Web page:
If these three-chamber stills make such great whiskey, why are they basically extinct?

Three-chamber stills are incredibly inefficient by design. Todd [Leopold] says the exact same amount of copper you would use for a three-chamber still that produces 4 barrels a day is the same amount of copper in a column still that makes 200 barrels. It’s really designed for maximum flavor extraction and not at all for efficiency. But the world wars were really the most significant factor that pushed that distillation style out of practice, where alcohol needed to be manufactured to support the war effort. Companies transitioned heavily to column stills because they were more efficient, which was the nail in the coffin for that style.

In this case, the past is what's informing the future of rye whiskey. Are there other rye trends to expect?

In general, there’s a lot more exploration outside of the existing styles that dominated the American whiskey shelf. There were many different brands, but those bottles were pretty homogeneous. I think the growth of American craft spirits has really blown the doors open and showed how many interesting flavors can be produced. There are producers around the country exploring regional styles by working with things like heritage grains and alternative maturation techniques. They’re pushing the boundaries by showing us whiskey doesn’t all have to taste the same, and I find that really exciting.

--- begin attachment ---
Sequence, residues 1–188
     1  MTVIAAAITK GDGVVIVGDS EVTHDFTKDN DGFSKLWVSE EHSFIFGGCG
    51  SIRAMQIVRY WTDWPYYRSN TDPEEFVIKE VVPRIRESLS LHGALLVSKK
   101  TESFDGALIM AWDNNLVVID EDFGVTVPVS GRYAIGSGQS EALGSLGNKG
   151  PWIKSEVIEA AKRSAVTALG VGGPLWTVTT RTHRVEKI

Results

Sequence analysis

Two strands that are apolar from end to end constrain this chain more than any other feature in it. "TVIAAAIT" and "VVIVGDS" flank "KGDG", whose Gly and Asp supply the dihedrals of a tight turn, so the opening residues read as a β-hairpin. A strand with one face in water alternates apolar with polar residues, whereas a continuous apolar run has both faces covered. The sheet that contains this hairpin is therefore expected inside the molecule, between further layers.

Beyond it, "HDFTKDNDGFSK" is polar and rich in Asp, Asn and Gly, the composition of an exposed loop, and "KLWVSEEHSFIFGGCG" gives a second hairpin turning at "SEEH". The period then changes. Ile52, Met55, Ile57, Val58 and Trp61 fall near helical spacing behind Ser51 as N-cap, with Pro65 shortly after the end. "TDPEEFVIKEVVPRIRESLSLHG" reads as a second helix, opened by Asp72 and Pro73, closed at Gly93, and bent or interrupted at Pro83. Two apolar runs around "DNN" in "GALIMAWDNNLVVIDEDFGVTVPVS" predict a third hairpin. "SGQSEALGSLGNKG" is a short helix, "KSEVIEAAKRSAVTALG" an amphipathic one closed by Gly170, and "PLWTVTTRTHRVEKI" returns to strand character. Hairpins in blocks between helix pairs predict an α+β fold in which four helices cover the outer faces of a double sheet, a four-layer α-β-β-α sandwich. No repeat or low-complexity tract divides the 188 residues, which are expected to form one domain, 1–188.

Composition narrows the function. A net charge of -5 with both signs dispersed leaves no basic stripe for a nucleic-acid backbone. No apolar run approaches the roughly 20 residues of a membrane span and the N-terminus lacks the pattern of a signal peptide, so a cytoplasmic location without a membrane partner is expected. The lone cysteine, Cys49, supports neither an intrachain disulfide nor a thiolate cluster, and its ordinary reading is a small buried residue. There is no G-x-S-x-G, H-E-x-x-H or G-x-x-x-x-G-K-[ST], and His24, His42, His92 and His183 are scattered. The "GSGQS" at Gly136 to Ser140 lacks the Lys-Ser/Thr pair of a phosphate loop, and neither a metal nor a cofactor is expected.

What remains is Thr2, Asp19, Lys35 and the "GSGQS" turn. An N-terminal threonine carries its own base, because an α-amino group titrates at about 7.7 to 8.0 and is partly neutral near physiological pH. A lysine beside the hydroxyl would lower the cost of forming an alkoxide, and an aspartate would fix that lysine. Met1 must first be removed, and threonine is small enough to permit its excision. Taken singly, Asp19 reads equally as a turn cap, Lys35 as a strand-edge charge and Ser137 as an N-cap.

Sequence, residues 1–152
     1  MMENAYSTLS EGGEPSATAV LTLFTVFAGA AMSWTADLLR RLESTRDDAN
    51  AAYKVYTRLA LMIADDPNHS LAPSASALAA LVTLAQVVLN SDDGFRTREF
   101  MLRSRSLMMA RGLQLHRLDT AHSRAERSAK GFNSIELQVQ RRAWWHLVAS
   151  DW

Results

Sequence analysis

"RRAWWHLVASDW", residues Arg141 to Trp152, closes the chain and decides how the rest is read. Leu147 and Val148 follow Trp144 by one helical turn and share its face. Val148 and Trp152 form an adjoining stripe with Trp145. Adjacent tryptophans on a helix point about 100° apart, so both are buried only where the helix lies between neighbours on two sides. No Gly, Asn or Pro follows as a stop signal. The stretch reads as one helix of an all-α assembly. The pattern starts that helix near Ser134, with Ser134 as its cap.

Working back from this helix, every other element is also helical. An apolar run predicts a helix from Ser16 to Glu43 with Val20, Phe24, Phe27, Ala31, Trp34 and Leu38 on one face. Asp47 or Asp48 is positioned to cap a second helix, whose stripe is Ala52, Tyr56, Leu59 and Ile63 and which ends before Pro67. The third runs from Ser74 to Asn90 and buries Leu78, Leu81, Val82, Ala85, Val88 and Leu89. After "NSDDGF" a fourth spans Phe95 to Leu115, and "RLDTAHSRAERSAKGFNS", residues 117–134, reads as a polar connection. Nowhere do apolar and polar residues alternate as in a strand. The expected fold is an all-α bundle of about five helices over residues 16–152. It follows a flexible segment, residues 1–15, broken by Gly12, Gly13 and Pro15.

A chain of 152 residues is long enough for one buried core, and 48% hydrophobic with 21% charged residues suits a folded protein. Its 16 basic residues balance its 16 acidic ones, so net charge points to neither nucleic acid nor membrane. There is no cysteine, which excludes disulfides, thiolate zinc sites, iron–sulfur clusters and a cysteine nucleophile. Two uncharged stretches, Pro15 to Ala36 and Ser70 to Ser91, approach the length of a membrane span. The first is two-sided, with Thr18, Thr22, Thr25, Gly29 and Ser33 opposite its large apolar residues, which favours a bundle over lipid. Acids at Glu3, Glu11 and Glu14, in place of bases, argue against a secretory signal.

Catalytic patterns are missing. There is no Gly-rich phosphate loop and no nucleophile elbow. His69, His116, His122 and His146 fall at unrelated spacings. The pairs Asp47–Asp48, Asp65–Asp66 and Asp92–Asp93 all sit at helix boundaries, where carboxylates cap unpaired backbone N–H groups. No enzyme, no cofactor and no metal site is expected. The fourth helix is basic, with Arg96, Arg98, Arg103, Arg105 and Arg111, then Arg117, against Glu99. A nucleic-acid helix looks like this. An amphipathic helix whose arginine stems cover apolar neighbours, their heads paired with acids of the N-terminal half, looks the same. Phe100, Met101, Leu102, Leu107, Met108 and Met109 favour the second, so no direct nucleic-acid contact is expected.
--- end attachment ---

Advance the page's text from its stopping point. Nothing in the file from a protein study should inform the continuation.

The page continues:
How is Dickel's focus on rye evolving, and will rye become a more significant part of the whiskey program?

Before I arrived, they had experimented with producing rye at Cascade Hollow. Of course, our core Dickel Rye now is a sourced spirit that is charcoal mellowed. These rye experiments were marked failures because the rye didn’t taste exactly like what’s in our bottle, which made sense because the whiskeys are made in separate facilities. I shifted the goal of rye distillation and what we should investigate. As a heritage distillery, pursuing rye makes sense, but let’s make our own style. You will continue to see beyond this collaboration more rye whiskeys that speak to that.

Coming Soon: Cascade Moon 13-Year-old Rye Whiskey

What's next? Any new rye releases on the way?

Yes! Our next Cascade Moon release will be a sourced 13-year-old rye whiskey whose barrels were aged an additional 10 years in Tullahoma’s single-story, vintage style rickhouses. It made sense to release this as part of the Cascade Moon brand because our unique rickhouses are a big part of the conversations we’ve been having and how they produce a uniquely temperate and sophisticated maturation. Those big age-stated whiskeys sometimes lose their balance and complexity, but the end product is lovely.

Clint Lanier is a professor in the English Department of New Mexico State University. He is also the co-author of Drunken History, Bucket List Bars: Historic Saloons, Pubs, and Dives of America, and Craptails: the World’s Worst, Weirdest, and Most Disturbing Drinks. He has also written about spirits and travel for The Huffington Post, Fodors, Eater, and